The satin stitch is perhaps the most recognizable and most used of all of the embroidery stitches. It is used to create a solid area of color. The satin embroidery stitch should always be worked in a hoop or frame otherwise the stitches will pucker or gap.
Depending upon the application, it may be feasible to start one stitch next to the one just completed but most often the stitch must be worked in a circular motion that creates stitches that look virtually the same on the front and the back.
Here are two examples of using the satin embroidery stitch to create a gradation of color.
With the larger leaf to the left, each new row of stitches is worked slightly between the last to also add a bit of dimension and texture. The overall look is a bit stacked and un-natural looking.
On the other hand, the smaller leaf also shows gradation of a more gradual scale. This leave was sewn by varying the stitch lengths which also creates a smoother edge and better mimicing the natural tendacy of a leaf to be slightly darker in the center and a bit lighter-colored on the edges.
This group of leaves are further examples of the different looks you can achieve using the same basic satin stitch.
Leaf A was created by filling in the design with a padding of long, close stitches sewn from the base of the leaf outward. Satin stitches were then worked over the base in even stitches from right to left.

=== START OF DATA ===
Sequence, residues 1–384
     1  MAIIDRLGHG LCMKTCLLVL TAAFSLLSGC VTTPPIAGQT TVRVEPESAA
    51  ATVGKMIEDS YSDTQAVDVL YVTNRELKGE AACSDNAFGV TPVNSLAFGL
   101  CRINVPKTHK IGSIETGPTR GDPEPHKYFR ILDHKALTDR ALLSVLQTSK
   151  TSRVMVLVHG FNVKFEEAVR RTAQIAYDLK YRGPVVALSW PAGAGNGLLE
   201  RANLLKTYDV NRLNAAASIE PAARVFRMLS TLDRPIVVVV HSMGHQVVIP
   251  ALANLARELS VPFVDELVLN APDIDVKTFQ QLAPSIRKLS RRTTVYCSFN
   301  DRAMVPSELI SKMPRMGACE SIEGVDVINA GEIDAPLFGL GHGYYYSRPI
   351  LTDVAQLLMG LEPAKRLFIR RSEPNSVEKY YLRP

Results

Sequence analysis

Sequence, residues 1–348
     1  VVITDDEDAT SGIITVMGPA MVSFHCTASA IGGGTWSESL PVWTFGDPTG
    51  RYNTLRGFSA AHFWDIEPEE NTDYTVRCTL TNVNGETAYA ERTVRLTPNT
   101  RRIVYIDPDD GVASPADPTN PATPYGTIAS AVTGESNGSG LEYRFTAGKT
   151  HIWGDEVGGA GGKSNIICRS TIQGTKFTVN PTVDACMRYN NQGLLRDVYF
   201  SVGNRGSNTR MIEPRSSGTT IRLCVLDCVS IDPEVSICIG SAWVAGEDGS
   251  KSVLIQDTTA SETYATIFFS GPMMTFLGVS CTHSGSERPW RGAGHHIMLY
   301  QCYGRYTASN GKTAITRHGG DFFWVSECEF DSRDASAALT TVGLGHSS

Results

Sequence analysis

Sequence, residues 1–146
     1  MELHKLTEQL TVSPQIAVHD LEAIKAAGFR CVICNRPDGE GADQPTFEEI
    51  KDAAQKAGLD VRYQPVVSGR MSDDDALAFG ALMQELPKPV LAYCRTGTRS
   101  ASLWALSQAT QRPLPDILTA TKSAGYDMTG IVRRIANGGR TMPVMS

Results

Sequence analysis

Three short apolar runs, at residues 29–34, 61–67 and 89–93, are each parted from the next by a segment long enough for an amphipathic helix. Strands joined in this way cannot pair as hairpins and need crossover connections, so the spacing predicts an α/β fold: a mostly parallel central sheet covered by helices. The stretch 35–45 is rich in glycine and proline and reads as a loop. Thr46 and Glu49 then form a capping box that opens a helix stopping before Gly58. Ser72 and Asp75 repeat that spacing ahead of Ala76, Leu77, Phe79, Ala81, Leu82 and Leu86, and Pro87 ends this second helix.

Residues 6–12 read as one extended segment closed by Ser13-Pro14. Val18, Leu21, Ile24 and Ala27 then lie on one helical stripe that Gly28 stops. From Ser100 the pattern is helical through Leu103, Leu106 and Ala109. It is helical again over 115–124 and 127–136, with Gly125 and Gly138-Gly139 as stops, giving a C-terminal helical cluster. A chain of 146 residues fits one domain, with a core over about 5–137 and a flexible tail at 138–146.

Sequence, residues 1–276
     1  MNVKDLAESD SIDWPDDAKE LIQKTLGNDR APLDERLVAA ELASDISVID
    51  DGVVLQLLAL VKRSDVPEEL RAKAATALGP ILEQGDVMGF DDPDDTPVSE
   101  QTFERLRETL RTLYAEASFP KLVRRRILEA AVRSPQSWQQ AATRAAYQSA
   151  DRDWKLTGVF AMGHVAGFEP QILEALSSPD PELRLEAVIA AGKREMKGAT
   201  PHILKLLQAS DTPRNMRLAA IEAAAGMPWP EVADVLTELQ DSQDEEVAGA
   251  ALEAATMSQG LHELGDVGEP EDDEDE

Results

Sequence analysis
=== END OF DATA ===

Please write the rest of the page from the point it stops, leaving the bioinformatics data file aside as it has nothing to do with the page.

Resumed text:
B was created essentially the same way but left an un-worked section in the center. Two long stitches were made on either side of the open area and were covered by the satin stitches to create crisp and sharp lines.
The stitches on leaf C were simply sewn around a central corded vein.
D is another divided example worked in a sloping satin stitch.
E was made with a corded vein and framed in a sloping satin stitch.
F was worked half in satin stitch, half in back-stitch and straight stem stitch.
The encroaching flat or encroaching satin stitch is worked in equal length stitches that run one onto another and is worked in rows.
When filling an area with encroaching satin stitch let the thread size determine your stitch length – the thicker the thread, the longer the stitch.
This stitch is the one most commonly used in the beautiful embroidery from the Orient. Some believe the satin stitch is so named because it was so often worked on satin fabrics with colorful silk threads. You can learn more about how the satin stitch is used with long and short stitches to create beautiful and colorful embroideries.